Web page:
sendmail help: how do I tell evite to fuck off?

Evite (owned by TicketBastard) are address-harvesting web-bug-using spamming cocksuckers, and I'd like to never receive mail from their service. Preferably, in such a way that whichever acquaintance of mine who is foolishly using their service gets a bounce, so that they know I didn't get evite's email.

Evite's mail headers are clever: they set the envelope-from to the human dupe on whose behalf they are sending the mail, but the mails themselves originate at

    Return-Path: <address-of-human@wherever>
    Received: from ( [])
    by [ local server...] (envelope-from address-of-human@wherever)
    Received: (qmail 15737 invoked from network); 16 Aug 2003 01:57:14 -0000
    Received: from (HELO (
    by 0 with SMTP; 16 Aug 2003 01:57:14 -0000
    From: <>
    Reply-To: <address-of-human@wherever>

I tried adding this to /etc/mail/access:   550 Spamming denied 550 Spamming denied
but it didn't work. Any suggestions?

(Note: Suggestions that involve procmail, or that involve installing any mailer other than sendmail 8, will be gleefully ignored, so please don't waste your time.)

>Update, 7-Sep-2003:

The prevailing theory had been that I could do this, since Evite was always including X-Sender:

    HX-Sender: $>Check_XSender
    D{MMsg}Spamming denied
    R${MPat} $*$#error $: 553 ${MMsg}
    RX-Sender: ${MPat} $*$#error $: 553 ${MMsg}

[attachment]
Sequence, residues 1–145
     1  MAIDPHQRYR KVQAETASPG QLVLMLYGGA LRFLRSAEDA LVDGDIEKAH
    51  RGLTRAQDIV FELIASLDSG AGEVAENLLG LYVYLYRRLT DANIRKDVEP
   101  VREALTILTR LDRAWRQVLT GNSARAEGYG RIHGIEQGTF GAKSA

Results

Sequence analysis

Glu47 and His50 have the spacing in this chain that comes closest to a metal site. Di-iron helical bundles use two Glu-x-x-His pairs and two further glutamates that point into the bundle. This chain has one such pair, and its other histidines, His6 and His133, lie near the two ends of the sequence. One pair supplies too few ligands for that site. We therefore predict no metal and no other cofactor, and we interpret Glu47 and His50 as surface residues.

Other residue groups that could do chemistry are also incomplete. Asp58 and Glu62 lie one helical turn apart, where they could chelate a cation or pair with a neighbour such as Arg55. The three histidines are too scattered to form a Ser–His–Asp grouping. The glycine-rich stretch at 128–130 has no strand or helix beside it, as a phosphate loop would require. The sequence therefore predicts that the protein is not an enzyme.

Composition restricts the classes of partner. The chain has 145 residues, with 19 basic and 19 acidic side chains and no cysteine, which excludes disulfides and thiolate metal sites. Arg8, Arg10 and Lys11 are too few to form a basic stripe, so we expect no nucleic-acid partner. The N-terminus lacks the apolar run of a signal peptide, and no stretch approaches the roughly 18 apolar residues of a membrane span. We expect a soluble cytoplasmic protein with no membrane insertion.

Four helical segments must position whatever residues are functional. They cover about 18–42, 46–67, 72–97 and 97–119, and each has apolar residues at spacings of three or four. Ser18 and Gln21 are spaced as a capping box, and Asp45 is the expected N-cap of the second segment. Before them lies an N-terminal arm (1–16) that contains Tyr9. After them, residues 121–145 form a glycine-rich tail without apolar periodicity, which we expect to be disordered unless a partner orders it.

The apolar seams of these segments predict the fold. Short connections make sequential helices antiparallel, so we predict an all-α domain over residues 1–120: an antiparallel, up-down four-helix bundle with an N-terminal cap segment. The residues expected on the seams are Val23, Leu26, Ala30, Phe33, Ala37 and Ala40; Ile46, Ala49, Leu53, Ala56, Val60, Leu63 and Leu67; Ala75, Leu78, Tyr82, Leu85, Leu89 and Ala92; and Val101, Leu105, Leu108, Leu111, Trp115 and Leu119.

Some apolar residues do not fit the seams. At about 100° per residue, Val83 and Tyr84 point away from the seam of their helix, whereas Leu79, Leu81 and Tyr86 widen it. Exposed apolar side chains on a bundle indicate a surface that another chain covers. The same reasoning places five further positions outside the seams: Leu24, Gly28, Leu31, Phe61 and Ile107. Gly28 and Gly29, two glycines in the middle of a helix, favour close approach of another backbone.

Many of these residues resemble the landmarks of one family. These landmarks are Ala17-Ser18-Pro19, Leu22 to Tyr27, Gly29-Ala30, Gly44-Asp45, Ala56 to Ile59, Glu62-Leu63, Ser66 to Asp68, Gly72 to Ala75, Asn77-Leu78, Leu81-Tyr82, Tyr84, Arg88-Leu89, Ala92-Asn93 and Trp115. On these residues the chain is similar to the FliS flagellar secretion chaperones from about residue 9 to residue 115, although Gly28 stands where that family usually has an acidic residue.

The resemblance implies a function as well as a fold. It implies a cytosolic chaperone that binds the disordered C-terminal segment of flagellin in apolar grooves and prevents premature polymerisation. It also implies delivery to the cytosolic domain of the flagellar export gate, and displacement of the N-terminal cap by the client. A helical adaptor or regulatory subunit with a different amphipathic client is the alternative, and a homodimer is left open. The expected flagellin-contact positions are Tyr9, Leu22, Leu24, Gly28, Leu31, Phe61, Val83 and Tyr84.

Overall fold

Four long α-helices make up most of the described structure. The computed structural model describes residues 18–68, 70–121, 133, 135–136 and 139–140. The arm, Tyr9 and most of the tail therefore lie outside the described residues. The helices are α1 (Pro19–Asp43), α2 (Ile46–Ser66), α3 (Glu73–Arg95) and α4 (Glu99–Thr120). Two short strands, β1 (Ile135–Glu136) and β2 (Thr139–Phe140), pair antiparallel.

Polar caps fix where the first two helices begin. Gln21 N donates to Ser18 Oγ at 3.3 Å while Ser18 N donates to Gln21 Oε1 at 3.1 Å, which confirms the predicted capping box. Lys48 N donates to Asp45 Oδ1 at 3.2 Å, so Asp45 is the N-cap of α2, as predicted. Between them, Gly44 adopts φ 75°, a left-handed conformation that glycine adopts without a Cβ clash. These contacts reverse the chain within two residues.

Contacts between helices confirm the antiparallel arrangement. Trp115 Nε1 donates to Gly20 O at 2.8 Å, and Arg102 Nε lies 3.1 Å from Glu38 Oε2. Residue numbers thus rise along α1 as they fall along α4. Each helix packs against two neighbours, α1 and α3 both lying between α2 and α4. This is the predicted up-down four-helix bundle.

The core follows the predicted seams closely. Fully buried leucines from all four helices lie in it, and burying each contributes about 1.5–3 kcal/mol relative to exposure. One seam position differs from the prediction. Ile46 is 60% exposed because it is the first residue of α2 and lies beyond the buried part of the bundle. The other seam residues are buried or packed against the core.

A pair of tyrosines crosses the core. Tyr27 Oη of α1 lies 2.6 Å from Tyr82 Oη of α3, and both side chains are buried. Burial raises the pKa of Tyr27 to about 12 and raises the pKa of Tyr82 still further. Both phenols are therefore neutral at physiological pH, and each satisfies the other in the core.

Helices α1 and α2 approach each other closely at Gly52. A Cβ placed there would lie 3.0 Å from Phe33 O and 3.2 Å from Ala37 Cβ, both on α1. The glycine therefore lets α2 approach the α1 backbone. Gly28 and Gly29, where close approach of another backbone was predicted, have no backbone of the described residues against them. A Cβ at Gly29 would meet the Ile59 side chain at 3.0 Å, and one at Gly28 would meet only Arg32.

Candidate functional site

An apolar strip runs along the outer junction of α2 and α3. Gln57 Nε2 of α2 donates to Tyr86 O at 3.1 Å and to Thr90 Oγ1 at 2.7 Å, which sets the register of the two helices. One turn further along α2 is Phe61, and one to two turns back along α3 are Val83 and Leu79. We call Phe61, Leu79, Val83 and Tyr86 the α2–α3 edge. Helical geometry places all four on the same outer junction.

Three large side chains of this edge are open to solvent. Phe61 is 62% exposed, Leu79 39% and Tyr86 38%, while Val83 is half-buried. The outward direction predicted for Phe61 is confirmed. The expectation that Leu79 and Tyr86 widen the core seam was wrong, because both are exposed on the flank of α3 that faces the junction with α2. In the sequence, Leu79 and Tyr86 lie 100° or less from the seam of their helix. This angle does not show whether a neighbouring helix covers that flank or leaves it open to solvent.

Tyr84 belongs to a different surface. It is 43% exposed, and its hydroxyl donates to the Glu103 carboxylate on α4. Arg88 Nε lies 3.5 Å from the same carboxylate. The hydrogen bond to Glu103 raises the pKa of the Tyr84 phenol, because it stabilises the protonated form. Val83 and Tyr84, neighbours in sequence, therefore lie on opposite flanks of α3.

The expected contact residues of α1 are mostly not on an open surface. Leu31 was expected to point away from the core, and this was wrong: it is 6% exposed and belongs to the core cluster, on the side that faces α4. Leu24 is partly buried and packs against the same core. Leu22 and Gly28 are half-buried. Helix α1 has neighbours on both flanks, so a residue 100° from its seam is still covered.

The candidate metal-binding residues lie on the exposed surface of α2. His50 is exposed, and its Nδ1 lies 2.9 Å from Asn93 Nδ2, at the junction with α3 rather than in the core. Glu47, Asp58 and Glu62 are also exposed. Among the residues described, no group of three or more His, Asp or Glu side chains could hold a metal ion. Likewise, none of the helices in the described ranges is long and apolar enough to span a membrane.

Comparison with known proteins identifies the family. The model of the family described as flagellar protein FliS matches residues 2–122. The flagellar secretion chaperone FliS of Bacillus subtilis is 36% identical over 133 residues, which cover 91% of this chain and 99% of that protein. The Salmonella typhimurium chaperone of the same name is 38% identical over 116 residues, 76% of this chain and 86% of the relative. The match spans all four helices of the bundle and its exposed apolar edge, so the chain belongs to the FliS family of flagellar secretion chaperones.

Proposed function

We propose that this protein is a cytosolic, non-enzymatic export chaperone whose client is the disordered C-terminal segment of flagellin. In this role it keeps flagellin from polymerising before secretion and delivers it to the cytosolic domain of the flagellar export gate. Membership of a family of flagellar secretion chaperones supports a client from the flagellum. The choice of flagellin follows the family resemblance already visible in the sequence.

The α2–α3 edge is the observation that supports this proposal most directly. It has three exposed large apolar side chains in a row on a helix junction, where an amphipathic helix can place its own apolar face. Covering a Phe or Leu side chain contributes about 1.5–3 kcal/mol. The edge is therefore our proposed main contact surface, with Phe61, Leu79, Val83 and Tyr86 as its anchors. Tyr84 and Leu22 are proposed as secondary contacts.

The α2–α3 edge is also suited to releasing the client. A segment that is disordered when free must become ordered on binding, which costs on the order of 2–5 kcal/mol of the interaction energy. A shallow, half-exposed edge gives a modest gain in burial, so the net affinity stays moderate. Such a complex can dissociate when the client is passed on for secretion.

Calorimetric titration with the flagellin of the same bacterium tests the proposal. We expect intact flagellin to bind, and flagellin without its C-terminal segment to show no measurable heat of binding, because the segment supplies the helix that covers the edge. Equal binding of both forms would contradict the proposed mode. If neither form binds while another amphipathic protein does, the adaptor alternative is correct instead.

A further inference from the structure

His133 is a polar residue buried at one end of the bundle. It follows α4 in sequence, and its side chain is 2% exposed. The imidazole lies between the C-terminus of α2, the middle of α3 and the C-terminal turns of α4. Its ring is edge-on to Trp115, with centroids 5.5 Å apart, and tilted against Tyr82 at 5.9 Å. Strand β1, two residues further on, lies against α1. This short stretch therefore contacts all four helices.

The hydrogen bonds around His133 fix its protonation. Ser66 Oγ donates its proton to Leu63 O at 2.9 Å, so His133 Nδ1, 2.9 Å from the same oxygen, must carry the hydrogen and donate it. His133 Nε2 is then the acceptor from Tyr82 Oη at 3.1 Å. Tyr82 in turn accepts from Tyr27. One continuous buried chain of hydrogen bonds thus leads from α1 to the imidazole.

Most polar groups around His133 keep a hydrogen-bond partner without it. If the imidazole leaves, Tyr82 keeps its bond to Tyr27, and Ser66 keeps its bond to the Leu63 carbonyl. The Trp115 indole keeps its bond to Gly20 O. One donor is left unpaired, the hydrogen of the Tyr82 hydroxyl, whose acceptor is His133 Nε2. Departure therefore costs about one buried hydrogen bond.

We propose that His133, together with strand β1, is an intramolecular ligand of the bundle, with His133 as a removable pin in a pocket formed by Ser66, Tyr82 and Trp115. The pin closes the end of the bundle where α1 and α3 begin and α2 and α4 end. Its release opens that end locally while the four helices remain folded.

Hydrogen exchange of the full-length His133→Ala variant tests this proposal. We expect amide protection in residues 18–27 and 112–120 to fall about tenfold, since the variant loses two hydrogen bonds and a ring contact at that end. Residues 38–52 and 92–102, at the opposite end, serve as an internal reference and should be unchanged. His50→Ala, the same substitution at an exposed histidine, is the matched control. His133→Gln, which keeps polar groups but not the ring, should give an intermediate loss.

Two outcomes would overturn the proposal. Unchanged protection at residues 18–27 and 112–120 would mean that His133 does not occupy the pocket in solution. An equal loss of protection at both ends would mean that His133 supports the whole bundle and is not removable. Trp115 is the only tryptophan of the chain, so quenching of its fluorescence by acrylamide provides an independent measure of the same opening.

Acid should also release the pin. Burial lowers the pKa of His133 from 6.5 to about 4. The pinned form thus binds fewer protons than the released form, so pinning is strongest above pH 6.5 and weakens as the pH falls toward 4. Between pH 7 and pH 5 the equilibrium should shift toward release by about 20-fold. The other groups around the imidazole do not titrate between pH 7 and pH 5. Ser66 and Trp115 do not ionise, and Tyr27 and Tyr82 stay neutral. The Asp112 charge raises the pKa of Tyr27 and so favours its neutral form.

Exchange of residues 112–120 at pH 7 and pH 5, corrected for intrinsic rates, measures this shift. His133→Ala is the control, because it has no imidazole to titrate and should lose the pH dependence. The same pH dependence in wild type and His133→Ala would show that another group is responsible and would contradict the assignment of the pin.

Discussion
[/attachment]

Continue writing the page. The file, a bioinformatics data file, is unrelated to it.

But now those cockgobblers have changed their X-Sender header to be the human sending the evite, making it useless for filtering. My next try is to filter on the Recieved headers and try and bounce anything that comes from citysearch:

    HReceived: $>Check_Received
    D{MMsg}Spamming denied
    R${MPat} $*$#error $: 553 ${MMsg}
    RReceived: ${MPat} $*$#error $: 553 ${MMsg}

(There's a TAB after $*.)

(I can't just block based on IP addresses because my mail server is behind my ISP's relay host, so the hostile mailers never connect to me directly.)

Tags: , , ,

41 Responses:

  1. wasteddream says:

    Oops. Sorry, dude. I'm all not smart about this kind of thing. If you come to my party anyway, you can sit on the wireless network with hep and make fun of everyone else there. DOESN'T THAT SOUND LIKE FUN??

    • jwz says:

      Hey, it's not just you, I've gotten two evites this week! (which means "two more people who entered my email address in the 'spam me senseless' sweepstakes, enter as often as you like, you may already have won.")